Horrific.
 

The situation quickly became serious for Tracey and required her to have an emergency caesarean section under general anaesthetic.

The situation quickly became serious for Tracey and required her to have an emergency caesarean section under general anaesthetic.

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And you needed to be put to sleep to deliver your baby?

Yeah, yeah 

Did they explain why or?

No, they just said that , "We need to get the baby out, she's killing you," well we didn’t know it was a girl, " she's killing you, we'll just knock you out and pull her out," because otherwise you know my liver would have just burst through the walls.

Yeah and you just can't take it in; it just doesn’t… you know they could be talking about somebody else for all you know. You know you're looking in on yourself; it's a weird feeling because they pumped you full of some many drugs as it is and you're just not taking it in. It's so frightening because at one minute you're fine, next minute you're not; it happens so quick that you're just so unprepared for it; no leaflets, nothing in the… before all the… you know the classes that you go to – I didn’t even get to that point. But there was no information from midwives about pre-eclampsia.

So, I do feel let down really.
 

Tracey felt the postnatal medical care she received was very poor. She thought there should have been more emotional support too.

Tracey felt the postnatal medical care she received was very poor. She thought there should have been more emotional support too.

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Nothing, I had nothing no. I went in every day and sat with her and the doctors would come round and check her and… but no-one was really there for me. I remember being shut in a room on my own after I'd… it was over two days and I'd been linked up to machines and you could do the morphine on that little clicky thing, and then you're turned over every 20 minutes; every time they turned me over I was sick. And they put me in a room on my own and there was nothing; didn’t see anybody for hours; what felt like hours until there was a knock on the door and girl asking me if I wanted a ham and cheese sandwich. It's like, "I don’t want a sandwich; I want a doctor to come and see me and explain what's happening." There was no post-care; there was no-one to sit down with me and say, "This is what's happened, how do you feel? This is what's going to happen." I was just left, just left.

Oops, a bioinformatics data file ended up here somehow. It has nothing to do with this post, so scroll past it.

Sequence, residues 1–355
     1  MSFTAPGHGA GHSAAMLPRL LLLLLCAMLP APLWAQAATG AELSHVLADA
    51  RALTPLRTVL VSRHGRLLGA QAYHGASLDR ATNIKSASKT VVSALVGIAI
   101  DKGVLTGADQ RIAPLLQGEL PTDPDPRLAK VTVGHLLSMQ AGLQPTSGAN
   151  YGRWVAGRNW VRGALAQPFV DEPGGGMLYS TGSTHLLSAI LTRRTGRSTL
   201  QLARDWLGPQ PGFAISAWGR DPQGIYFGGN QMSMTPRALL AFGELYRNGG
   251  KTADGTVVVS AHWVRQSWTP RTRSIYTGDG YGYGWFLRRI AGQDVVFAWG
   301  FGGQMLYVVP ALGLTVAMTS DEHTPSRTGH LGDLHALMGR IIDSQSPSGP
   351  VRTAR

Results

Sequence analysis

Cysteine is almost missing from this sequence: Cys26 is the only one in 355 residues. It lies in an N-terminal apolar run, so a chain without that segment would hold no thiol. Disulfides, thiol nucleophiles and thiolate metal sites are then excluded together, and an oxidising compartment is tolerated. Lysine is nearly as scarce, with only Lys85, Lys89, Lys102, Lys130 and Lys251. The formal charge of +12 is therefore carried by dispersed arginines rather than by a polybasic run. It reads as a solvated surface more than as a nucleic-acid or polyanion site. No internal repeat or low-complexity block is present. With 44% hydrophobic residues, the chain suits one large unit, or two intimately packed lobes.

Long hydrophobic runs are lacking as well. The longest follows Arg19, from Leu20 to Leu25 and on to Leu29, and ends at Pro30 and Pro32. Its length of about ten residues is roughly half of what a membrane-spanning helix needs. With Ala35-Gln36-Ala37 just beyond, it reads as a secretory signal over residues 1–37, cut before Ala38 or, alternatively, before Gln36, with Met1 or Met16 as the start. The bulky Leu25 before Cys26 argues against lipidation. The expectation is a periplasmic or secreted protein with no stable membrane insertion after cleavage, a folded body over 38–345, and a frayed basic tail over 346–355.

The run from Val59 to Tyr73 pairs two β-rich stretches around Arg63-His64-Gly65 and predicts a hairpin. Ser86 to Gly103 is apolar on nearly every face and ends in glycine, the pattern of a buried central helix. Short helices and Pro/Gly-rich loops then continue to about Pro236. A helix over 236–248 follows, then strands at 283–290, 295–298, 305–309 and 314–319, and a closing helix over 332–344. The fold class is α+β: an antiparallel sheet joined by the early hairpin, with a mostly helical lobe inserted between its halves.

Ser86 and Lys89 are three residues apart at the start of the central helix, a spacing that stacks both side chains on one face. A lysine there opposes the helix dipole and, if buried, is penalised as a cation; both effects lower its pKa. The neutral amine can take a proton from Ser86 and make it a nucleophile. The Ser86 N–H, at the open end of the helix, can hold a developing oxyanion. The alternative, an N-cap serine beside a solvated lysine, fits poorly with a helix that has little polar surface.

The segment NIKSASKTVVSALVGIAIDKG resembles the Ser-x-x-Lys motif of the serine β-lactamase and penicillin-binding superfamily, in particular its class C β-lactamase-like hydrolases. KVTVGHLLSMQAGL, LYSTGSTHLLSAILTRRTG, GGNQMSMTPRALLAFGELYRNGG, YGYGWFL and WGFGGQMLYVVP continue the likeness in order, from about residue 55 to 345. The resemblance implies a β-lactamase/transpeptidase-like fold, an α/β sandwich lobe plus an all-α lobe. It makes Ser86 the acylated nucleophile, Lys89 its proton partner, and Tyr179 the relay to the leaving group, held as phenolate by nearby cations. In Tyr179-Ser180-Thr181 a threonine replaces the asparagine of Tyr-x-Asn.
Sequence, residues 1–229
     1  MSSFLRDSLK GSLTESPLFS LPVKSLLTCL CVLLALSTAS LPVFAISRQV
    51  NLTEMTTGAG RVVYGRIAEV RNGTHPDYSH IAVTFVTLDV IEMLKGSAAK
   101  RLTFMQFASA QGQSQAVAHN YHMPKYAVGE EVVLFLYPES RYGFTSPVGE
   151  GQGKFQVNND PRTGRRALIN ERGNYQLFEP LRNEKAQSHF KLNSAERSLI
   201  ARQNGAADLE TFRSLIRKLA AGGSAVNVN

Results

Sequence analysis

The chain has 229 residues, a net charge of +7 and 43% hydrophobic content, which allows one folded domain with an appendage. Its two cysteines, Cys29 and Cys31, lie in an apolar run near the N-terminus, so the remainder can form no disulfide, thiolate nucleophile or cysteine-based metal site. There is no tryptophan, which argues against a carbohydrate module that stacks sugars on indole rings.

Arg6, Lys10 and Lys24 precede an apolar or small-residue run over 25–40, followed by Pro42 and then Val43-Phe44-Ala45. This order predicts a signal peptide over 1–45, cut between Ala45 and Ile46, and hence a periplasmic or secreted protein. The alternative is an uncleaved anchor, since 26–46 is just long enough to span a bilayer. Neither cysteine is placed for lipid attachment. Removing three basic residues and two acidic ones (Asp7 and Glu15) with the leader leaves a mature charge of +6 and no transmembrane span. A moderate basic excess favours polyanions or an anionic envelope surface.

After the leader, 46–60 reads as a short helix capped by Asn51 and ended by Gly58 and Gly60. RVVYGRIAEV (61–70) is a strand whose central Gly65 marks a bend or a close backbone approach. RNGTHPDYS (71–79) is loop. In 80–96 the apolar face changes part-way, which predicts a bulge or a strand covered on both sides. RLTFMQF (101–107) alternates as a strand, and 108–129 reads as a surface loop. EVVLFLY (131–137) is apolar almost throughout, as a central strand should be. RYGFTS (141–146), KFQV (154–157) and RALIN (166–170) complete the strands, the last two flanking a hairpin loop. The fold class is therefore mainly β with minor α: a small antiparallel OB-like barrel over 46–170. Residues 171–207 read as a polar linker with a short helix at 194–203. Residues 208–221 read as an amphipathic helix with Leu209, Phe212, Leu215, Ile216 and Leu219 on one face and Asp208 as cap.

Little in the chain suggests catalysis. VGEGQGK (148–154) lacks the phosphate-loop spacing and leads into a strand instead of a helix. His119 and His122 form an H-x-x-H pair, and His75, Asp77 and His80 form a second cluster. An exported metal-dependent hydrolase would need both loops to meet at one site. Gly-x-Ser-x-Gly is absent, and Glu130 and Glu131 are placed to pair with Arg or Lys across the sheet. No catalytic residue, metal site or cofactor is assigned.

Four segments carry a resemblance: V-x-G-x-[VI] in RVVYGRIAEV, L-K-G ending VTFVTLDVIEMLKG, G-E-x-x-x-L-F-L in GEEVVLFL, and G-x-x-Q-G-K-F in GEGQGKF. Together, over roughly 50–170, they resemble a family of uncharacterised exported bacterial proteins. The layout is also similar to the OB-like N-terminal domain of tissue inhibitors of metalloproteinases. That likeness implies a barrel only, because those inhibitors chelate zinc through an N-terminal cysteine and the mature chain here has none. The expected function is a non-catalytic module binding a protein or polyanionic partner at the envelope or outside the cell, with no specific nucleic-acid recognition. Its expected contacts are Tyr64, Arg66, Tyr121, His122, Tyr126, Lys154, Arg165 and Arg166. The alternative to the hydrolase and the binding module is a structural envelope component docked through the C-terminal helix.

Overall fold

Tracey started seeing a counsellor 11 years after her experience with pre-eclampsia. Every year since, she’s struggled emotionally around the time when she was admitted to hospital and her baby was born prematurely.